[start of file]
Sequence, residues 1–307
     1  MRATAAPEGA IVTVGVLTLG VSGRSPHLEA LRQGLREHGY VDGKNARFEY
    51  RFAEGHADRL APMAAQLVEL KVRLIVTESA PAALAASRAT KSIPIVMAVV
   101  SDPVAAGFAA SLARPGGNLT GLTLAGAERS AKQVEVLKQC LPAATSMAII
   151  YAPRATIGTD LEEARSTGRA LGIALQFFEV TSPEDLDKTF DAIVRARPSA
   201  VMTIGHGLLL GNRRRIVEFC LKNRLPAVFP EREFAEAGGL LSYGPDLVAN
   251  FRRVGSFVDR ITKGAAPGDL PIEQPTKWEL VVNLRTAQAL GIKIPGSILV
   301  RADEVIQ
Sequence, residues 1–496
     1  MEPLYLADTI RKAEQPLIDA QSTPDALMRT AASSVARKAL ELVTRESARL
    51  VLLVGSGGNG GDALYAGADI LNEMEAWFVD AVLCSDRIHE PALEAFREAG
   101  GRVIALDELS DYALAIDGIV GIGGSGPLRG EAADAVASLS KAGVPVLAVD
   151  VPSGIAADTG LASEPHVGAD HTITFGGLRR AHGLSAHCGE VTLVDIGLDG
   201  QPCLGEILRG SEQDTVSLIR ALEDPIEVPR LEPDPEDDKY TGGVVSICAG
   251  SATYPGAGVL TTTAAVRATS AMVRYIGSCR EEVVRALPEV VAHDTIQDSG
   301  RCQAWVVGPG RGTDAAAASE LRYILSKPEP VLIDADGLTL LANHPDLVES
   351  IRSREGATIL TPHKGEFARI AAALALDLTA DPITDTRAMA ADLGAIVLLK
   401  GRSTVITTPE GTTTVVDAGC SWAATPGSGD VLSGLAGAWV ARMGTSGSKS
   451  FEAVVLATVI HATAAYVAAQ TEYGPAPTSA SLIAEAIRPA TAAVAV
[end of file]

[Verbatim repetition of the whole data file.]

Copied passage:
Sequence, residues 1–307
     1  MRATAAPEGA IVTVGVLTLG VSGRSPHLEA LRQGLREHGY VDGKNARFEY
    51  RFAEGHADRL APMAAQLVEL KVRLIVTESA PAALAASRAT KSIPIVMAVV
   101  SDPVAAGFAA SLARPGGNLT GLTLAGAERS AKQVEVLKQC LPAATSMAII
   151  YAPRATIGTD LEEARSTGRA LGIALQFFEV TSPEDLDKTF DAIVRARPSA
   201  VMTIGHGLLL GNRRRIVEFC LKNRLPAVFP EREFAEAGGL LSYGPDLVAN
   251  FRRVGSFVDR ITKGAAPGDL PIEQPTKWEL VVNLRTAQAL GIKIPGSILV
   301  RADEVIQ
Sequence, residues 1–496
     1  MEPLYLADTI RKAEQPLIDA QSTPDALMRT AASSVARKAL ELVTRESARL
    51  VLLVGSGGNG GDALYAGADI LNEMEAWFVD AVLCSDRIHE PALEAFREAG
   101  GRVIALDELS DYALAIDGIV GIGGSGPLRG EAADAVASLS KAGVPVLAVD
   151  VPSGIAADTG LASEPHVGAD HTITFGGLRR AHGLSAHCGE VTLVDIGLDG
   201  QPCLGEILRG SEQDTVSLIR ALEDPIEVPR LEPDPEDDKY TGGVVSICAG
   251  SATYPGAGVL TTTAAVRATS AMVRYIGSCR EEVVRALPEV VAHDTIQDSG
   301  RCQAWVVGPG RGTDAAAASE LRYILSKPEP VLIDADGLTL LANHPDLVES
   351  IRSREGATIL TPHKGEFARI AAALALDLTA DPITDTRAMA ADLGAIVLLK
   401  GRSTVITTPE GTTTVVDAGC SWAATPGSGD VLSGLAGAWV ARMGTSGSKS
   451  FEAVVLATVI HATAAYVAAQ TEYGPAPTSA SLIAEAIRPA TAAVAV